The plan of quarterback Joe Theismann, who has had an uneven training camp, will be watched closely by the coaching staff. Pardee said the quarterback is coming off "his best week so far" and there is a good possibility he will be allowed to throw more than in the previous two weeks.
Against Atlanta, the Redskins won't be able to rely on the accurate kicking of Mark Moseley, who is sidelined with a slight pull in a thigh muscle. His place will be taken by free agent Nick Lowery.
Moseley's absence puts even more pressure on the offense.Theismann, who could play more than a half for the first time in the exhibition season, said the potential 'of loosening up our attack a bit" for the Falcons should lead to increased point production.
"We really haven't thrown into the end zone yet," he said. "We've been working on our ground game and I agree with that. But we've been working on our passing more this week and maybe you might see us open up more. You never know.
"It won't be the end of the world if we don't score, but I think we should, because it will show progress. And that is what training camp is all about."
Both Theismann and back-up Kim McQuilken have completed a high percentage of their passes in the two exhibition games. But neither has been particularly consistent in practice, where the Redskins' tough starting secondary has feasted on their throws.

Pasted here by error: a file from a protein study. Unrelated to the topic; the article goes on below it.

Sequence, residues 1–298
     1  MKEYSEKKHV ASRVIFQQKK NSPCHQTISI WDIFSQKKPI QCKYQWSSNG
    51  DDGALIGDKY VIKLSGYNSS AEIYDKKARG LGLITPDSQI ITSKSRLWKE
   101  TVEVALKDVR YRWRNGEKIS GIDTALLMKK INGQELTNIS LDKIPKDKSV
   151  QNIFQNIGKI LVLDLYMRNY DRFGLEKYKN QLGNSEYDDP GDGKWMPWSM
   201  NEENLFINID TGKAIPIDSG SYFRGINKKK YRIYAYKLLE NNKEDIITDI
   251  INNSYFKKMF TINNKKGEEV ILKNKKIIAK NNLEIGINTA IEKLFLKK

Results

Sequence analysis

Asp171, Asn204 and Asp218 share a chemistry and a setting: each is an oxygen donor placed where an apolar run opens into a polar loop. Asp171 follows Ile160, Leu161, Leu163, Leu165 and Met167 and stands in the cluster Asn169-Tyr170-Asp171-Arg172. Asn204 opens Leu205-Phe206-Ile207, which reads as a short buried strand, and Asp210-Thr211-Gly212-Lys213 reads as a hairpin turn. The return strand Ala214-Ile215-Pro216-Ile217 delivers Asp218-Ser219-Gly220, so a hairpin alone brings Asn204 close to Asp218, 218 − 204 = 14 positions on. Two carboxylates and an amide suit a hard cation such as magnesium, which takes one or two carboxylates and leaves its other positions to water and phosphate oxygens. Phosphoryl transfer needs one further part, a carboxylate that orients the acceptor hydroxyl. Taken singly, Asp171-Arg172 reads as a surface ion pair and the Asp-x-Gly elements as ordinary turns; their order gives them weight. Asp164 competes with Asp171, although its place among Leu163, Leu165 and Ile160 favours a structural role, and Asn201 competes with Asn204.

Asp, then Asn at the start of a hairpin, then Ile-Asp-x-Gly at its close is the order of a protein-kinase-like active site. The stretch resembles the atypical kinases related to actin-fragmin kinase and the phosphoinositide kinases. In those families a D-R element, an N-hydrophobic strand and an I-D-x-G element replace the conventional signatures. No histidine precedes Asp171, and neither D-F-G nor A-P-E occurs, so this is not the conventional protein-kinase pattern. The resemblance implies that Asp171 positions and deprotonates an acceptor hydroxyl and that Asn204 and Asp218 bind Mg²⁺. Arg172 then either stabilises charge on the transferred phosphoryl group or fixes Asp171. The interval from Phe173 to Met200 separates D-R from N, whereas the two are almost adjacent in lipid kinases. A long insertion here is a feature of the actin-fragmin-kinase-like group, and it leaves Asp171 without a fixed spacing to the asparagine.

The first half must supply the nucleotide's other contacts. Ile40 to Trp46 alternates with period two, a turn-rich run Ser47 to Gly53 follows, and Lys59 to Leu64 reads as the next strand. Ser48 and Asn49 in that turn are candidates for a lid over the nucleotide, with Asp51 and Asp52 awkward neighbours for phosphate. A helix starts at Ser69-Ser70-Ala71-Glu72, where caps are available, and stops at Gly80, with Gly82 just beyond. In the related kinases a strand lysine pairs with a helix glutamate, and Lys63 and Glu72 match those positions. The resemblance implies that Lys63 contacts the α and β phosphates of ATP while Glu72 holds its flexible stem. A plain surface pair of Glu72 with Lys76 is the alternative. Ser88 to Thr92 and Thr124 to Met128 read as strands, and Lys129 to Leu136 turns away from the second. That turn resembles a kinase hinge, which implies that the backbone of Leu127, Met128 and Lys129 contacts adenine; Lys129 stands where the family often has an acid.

"Joe needs to take off," said one player. "He needs to get hot. I think he is struggling because they are on him every time he makes even a little mistake and he is pressing. But he has to start looking better."
Pardee says his regulars will play more against the Falcons than in the first two games, although he still wants to get another look at his young middle linebackers and wide receivers. Jean Fugett probably will see duty as a flanker while rookies Don Warren and Phil DuBois fill in at tight end.
"We want to continue to look good as a team," said Pardee, "and, of course, we'd like to score. We always do. But we won't fall apart if don't."
Atlanta's defense, No. 5 in the league last year, has been a sieve in two preseason losses. The Falcons have surrendered 37 points to New England and 42 to St. Louis while not employing their usual blitzing tactics.
Coach Leeman Bennett promises more blitzing for this game. He also will start two new defensive tackles, Edgar Fields and Wilson Faumuina, and two young running backs, William Andrews and Ricky Patton. Veteran Steve Bartkowski will begin at quarterback with Scott Hunter playing the second half.
Bennett, much like Pardee, has been giving his rookies a thorough look in the opening preseason games. But he says the Falcons are now beginning "our regular-season" phase of training camp and he will start using his regulars more often.
One area in which Atlanta has been particularly vulnerable is the secondary. Opponents have completed 69 percent of their attempts against Atlanta, a statistic that just could help Theismann regain his passing form.
To make room for McGee, the Redskins dropped rookie Jon Sutton. They will clear a spot for Peters by Tuesday, when they have to be down to 50 players under league rules.